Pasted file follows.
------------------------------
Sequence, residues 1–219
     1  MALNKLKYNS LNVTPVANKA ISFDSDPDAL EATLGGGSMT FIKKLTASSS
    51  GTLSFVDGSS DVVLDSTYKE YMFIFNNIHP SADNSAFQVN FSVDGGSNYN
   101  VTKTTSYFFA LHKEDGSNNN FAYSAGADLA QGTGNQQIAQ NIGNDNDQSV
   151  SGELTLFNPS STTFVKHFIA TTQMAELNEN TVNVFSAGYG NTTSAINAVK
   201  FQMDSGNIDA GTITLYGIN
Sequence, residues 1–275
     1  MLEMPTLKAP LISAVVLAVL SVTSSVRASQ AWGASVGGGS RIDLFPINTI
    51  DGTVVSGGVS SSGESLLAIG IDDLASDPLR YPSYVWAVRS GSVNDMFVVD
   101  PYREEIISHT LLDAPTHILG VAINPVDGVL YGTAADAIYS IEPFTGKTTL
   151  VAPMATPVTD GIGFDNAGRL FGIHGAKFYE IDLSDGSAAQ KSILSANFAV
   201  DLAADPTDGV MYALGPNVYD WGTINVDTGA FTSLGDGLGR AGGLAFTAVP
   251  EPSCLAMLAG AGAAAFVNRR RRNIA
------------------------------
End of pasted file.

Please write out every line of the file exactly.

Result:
Sequence, residues 1–219
     1  MALNKLKYNS LNVTPVANKA ISFDSDPDAL EATLGGGSMT FIKKLTASSS
    51  GTLSFVDGSS DVVLDSTYKE YMFIFNNIHP SADNSAFQVN FSVDGGSNYN
   101  VTKTTSYFFA LHKEDGSNNN FAYSAGADLA QGTGNQQIAQ NIGNDNDQSV
   151  SGELTLFNPS STTFVKHFIA TTQMAELNEN TVNVFSAGYG NTTSAINAVK
   201  FQMDSGNIDA GTITLYGIN
Sequence, residues 1–275
     1  MLEMPTLKAP LISAVVLAVL SVTSSVRASQ AWGASVGGGS RIDLFPINTI
    51  DGTVVSGGVS SSGESLLAIG IDDLASDPLR YPSYVWAVRS GSVNDMFVVD
   101  PYREEIISHT LLDAPTHILG VAINPVDGVL YGTAADAIYS IEPFTGKTTL
   151  VAPMATPVTD GIGFDNAGRL FGIHGAKFYE IDLSDGSAAQ KSILSANFAV
   201  DLAADPTDGV MYALGPNVYD WGTINVDTGA FTSLGDGLGR AGGLAFTAVP
   251  EPSCLAMLAG AGAAAFVNRR RRNIA